Banks’ risk management technology spending to reach $74bn by 2015 [bobsguide.com]


How much less would have to be spent upon IT and Regulation IF banks were “punished” for abandoning Governance, became more transparent and the apparent flaws of the current model were addressed once and for all?

I can’t help but think that this is an obscene amount. So much of it will only be “necessary” as a result of the operational complexity created in an effort to mask activities intended to extract every last penny of value for the bank.  Perhaps, paying some attention to the thoughts of Andy Haldane (see link below) and Sir Mervyn King, on the lessons we can learn from nature, can deliver better value to customers…whether at individual or sovereign levels.

Technology investments in risk management infrastructure by banks will reach $74 billion by 2015, a report has revealed.

A study by IDC Financial Insights showed that growth in risk management spending will be faster than the total amount of investment in technology within the financial services sector.

In 2012, risk management will account for more than 15 per cent of IT spending within the industry, the report revealed…

via Banks’ risk management technology spending to reach $74bn by 2015 – bobsguide.com.

“Helping Banks is Hurting Insurance Industry” Geneva Association Tells G20


Collapse_smallPlease forgive me for not reaching for the paper tissues  THE real story is that helping banks is hurting …SOCIETY!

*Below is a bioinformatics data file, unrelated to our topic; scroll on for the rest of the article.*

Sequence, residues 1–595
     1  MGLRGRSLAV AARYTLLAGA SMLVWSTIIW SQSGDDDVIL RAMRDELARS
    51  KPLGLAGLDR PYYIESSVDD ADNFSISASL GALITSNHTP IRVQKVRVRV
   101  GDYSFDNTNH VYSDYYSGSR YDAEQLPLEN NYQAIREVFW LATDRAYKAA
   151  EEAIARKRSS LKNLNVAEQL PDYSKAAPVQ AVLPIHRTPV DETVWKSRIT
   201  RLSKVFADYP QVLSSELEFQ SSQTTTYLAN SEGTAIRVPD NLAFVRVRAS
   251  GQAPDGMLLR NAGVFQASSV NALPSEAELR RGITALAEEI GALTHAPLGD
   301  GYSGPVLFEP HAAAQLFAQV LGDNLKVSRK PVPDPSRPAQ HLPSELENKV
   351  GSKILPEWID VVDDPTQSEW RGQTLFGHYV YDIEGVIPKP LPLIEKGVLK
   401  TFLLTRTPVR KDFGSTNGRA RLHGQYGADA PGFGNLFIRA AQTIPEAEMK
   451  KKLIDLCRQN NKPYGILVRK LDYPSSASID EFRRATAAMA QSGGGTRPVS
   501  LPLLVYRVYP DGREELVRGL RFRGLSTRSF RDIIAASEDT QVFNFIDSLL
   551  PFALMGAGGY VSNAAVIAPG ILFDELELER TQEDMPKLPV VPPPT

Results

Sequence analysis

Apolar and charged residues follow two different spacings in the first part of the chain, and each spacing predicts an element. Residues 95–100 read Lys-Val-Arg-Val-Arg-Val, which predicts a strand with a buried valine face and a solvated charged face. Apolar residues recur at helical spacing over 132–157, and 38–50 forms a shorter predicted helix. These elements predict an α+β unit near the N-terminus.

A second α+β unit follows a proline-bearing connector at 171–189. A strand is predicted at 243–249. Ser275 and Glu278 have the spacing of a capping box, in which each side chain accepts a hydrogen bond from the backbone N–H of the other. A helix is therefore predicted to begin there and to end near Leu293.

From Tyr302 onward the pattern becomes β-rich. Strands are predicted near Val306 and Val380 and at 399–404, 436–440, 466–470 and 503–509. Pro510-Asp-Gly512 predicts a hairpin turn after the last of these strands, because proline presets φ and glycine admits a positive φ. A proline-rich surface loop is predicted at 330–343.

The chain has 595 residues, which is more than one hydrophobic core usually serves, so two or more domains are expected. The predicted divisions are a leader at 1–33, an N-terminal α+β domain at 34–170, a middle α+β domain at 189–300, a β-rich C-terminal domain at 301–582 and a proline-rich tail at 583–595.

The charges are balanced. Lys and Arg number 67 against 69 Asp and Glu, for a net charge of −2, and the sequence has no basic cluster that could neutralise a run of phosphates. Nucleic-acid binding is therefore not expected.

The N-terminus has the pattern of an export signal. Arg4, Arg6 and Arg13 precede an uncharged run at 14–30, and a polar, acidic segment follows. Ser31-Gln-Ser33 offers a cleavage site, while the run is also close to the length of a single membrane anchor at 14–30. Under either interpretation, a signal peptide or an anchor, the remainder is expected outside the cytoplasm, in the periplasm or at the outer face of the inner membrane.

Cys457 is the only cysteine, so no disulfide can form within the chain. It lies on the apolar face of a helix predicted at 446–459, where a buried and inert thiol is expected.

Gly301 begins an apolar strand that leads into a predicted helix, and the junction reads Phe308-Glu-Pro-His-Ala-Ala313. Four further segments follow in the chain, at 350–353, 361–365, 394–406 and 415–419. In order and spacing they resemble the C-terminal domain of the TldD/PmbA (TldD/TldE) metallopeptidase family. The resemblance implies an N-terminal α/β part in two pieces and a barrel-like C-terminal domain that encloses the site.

Without doubt, the activities of billions of ordinary citizens did not give rise to systemic risk! FACT!

Do we really need to ask, in whose interest is it for the insurance industry to tell only half a story?

OK, so the language is clever “…traditional insurance activities do not give rise to systemic risk”. Hard to argue with. But this communiqué smacks of insurers’ girding their loins in anticipation of the fallout from further, inevitable, global financial turmoil.

Presumably choosing to distance themselves and pointing their fingers at the banks is intended to stave off the threat of further regulation. Even if that is, ultimately, unsuccessful, it may serve to delay unwanted scrutiny and provide the opportunity to adapt the current model. It could also be touted to hard-pressed businesses as a “justification” of a potential tsunami of premium increases that may follow the next financial earthquake: growing seismic activity in the markets serve as a warning.

The insurance industry is, hardly, in the “innocent bystander” category!

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